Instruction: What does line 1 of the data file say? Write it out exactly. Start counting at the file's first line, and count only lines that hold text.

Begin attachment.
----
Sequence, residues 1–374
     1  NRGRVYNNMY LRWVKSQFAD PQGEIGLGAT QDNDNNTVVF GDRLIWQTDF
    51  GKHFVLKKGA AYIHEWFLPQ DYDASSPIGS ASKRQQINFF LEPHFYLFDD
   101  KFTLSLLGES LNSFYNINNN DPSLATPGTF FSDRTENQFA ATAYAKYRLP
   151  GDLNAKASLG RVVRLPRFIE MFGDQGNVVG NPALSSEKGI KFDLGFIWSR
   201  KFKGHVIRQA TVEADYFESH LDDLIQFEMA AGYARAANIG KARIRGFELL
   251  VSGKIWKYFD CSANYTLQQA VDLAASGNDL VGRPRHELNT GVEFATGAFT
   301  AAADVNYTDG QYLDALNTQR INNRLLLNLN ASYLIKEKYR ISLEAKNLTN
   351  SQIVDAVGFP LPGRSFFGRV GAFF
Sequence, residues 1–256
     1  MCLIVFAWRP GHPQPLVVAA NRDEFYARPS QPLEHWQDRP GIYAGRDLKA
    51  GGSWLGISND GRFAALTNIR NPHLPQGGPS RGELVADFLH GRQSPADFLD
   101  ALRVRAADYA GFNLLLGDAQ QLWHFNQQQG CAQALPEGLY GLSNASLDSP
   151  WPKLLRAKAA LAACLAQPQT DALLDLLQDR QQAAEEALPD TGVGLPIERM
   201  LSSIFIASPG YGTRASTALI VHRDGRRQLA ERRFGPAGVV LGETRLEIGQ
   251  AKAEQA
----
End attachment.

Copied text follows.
Sequence, residues 1–374